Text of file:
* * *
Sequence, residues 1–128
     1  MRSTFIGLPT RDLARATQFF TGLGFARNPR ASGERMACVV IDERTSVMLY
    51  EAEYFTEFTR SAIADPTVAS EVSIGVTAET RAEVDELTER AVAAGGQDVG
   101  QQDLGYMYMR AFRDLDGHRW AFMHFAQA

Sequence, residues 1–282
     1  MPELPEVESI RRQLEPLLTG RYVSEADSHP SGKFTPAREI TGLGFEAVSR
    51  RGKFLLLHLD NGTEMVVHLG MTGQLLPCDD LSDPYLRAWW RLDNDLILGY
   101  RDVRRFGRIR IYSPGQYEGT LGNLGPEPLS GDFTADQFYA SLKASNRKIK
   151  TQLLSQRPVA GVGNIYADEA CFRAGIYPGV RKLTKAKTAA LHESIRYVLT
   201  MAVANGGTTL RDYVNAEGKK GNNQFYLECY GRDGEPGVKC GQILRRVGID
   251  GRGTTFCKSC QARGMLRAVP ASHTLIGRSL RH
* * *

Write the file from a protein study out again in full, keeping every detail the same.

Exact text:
Sequence, residues 1–128
     1  MRSTFIGLPT RDLARATQFF TGLGFARNPR ASGERMACVV IDERTSVMLY
    51  EAEYFTEFTR SAIADPTVAS EVSIGVTAET RAEVDELTER AVAAGGQDVG
   101  QQDLGYMYMR AFRDLDGHRW AFMHFAQA

Sequence, residues 1–282
     1  MPELPEVESI RRQLEPLLTG RYVSEADSHP SGKFTPAREI TGLGFEAVSR
    51  RGKFLLLHLD NGTEMVVHLG MTGQLLPCDD LSDPYLRAWW RLDNDLILGY
   101  RDVRRFGRIR IYSPGQYEGT LGNLGPEPLS GDFTADQFYA SLKASNRKIK
   151  TQLLSQRPVA GVGNIYADEA CFRAGIYPGV RKLTKAKTAA LHESIRYVLT
   201  MAVANGGTTL RDYVNAEGKK GNNQFYLECY GRDGEPGVKC GQILRRVGID
   251  GRGTTFCKSC QARGMLRAVP ASHTLIGRSL RH